Jonathan Griffin

Criticism and essays on art and culture

Tag: Mark Bradford

Charles Gaines

‘Numbers and Trees: London Series 1, Tree #6, Fetter Lane’ (2020), photo: Fredrik Nilsen; © Charles Gaines, Hauser & Wirth

When Charles Gaines was in elementary school in Newark, New Jersey, in the 1950s, he showed an aptitude for drawing. His well-meaning teacher suggested to his mother that perhaps he should be an artist. He could be the first black artist in the history of the world, she said.

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Mark Bradford

Mark Bradford, Q1, 2020 © Mark Bradford. Courtesy the artist and Hauser & Wirth Photo: Joshua White / JWPictures

“I’m adjusting to life on Mars,” says the artist Mark Bradford, as he folds his frame into a chair positioned a prudent nine feet from my own, and unpeels his mask from behind his ears. Yes, he says, his glasses fog up, too.

Since mid-March, when California’s governor, Gavin Newsom, issued a statewide “stay at home” order, Mr. Bradford has kept a low profile. Throughout the nationwide unrest that flared after the killing of George Floyd, he remained silent. While Mr. Bradford, 58, is one of the more visible figures in the arts community in Los Angeles, he is not on social media. But with three new paintings on the wall in front of us, he’s finally ready to talk.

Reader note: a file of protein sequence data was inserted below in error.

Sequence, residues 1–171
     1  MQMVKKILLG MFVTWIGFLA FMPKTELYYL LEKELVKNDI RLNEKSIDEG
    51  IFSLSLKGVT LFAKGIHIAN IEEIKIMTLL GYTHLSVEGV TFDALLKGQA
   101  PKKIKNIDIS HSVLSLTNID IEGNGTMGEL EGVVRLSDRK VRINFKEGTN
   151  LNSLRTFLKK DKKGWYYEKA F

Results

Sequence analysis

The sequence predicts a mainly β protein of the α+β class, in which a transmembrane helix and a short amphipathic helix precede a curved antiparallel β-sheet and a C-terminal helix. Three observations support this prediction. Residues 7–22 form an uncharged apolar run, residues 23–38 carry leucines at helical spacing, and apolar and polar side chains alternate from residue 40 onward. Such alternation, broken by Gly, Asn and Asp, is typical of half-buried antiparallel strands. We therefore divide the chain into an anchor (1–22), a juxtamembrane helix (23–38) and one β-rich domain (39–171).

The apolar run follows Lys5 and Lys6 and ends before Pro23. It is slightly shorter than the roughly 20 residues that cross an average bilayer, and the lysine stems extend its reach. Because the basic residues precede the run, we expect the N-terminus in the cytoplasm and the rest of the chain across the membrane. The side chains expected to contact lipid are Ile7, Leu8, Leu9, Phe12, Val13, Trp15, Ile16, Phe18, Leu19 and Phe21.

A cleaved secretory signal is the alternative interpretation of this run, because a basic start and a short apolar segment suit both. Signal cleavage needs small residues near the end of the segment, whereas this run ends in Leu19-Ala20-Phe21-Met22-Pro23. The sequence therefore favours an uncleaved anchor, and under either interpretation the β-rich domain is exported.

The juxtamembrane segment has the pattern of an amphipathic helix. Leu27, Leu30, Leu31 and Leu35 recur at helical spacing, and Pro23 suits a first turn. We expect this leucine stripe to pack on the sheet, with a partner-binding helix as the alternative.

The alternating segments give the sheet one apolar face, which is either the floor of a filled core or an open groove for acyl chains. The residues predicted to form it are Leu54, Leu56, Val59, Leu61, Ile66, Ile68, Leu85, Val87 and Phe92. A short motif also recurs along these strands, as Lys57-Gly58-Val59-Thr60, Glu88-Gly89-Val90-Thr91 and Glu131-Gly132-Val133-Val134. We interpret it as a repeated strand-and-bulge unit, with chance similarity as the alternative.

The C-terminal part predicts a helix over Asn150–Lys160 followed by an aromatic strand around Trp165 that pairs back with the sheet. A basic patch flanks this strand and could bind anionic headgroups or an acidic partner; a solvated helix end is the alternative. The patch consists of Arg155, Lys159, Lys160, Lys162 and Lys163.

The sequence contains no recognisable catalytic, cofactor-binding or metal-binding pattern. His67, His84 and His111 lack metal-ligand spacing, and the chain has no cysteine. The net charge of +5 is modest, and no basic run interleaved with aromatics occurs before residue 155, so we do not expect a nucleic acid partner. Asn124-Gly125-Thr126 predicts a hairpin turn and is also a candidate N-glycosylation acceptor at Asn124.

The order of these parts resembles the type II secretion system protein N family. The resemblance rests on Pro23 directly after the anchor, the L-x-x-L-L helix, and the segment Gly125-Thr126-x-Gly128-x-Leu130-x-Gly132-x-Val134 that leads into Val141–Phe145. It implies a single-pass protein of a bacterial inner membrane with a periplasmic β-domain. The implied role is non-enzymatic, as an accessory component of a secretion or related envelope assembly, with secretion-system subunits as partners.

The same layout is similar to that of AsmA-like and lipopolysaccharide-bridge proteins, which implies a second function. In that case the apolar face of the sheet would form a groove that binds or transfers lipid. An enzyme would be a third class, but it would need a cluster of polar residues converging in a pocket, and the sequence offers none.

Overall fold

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Mark Bradford

BRADFORD-1-jumbo-v2

Mark Bradford, Black Venus, 2005, mixed-media collage, 330 × 498 cm. Photo: Jason Dewey. © the artist. Courtesy the artist and Hauser & Wirth, London & Los Angeles

 

It was a stupid question anyway. Something about having success and opportunity and yet continuing to experiment, still taking risks. Though he has made sculptures, videos and site-specific installations, Mark Bradford was first celebrated, early in his career, for his panoramic, expressively exhausted collage-paintings made from sanded strata of coloured paper, which were almost always understood as reflecting the gritty streetscape of South Central Los Angeles. A long Los Angeles Times profile from 2006, a decade after he graduated from art school, describes him as a ‘hometown boy made good on the international art scene’. His first solo show at a major commercial gallery was in 2001, at Lombard-Freid Fine Arts, New York, sassily titled I Don’t Think You Ready For This Jelly. Since then his work has climbed in value, shored up by solid institutional support – a professional status reflected this year in his representation of the United States at the Venice Biennale. Read the rest of this entry »